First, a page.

Makers of Fort Worth Page: 30
This book is part of the collection entitled: Where the West Begins: Capturing Fort Worth's Historic Treasures and was provided to The Portal to Texas History by the Amon Carter Museum of American Art.
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G. C. Clark
EORGE C. CLARKE is
identified perhaps more
closely than any other
one man with the development
of the new
mohr ......izb South Side of Fort
Worth. In the Shaw Heights and lt
Shaw-Clarke additions he has developed
prominent residence sections -of
the city and is still engaged in similar
work in other tracts. Coming to
Fort Worth as a traveling man, he
became impressed with the opportunities
for the development of the l i
fine high territory south of the then of5 -
built-up section of the city. He set- - aI
tied here and took up the work with
immediate success. Much of the j: -
territory, then prairie, is now within :
the city limits and the site of some
of the best homes. Mr. Clarke is E
a Tennesseean, born near Fayettes-::
ville, September 14, 1870. His ROME~ ?..:i lE
mother, Elizabeth Clarke, was born
in the same place and his father,
James C. Clarke, came from Virginia.
Deeply interested in civic affairs,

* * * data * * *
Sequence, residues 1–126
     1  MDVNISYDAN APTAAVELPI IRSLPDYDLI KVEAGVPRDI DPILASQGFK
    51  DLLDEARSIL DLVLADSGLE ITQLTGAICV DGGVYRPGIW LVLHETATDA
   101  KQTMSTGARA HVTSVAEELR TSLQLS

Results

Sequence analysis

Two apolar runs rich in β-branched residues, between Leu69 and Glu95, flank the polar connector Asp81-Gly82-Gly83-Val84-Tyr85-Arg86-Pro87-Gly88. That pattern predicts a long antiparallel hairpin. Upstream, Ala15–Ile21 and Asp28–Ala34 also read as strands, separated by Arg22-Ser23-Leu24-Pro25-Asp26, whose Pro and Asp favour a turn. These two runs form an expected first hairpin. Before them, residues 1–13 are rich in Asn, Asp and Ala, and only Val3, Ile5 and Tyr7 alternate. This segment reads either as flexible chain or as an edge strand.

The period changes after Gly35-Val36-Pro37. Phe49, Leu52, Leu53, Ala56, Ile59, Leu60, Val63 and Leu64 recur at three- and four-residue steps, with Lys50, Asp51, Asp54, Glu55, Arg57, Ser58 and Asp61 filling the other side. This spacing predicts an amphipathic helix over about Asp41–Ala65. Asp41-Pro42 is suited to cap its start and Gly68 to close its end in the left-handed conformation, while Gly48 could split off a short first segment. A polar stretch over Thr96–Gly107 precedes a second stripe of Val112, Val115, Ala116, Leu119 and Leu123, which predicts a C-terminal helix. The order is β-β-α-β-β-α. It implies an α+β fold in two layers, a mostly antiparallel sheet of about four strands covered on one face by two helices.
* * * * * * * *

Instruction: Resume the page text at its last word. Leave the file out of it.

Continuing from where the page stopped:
Mr. Clarke has served two
terms as a member of the Board of
School Trustees, and as Chairman
of the Buildings and Grounds Committee
has assisted in building up
the finely housed school system of
Fort Worth. He was also urged to
accept appointment as a member of
the Park Board, but declined as it
would have interfered with his work
on the School Board, which was then
erecting new buildings. Mrs. Clarke
was Miss Fay Clark of Graham, . 'Texas,
before her marriage to Mr.
Clarke. Both are automobile enthusiasts
and take many auto trips.
Mr. Clarke is an Elk and a member
of numerous commercial organizations
and social clubs.
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Newspaper Artists' Association, Forth Worth. Makers of Fort Worth, book, 1914; Fort Worth. (texashistory.unt.edu/ark:/67531/metapth41334/m1/31/: accessed May 27, 2018), University of North Texas Libraries, The Portal to Texas History, texashistory.unt.edu; crediting Amon Carter Museum.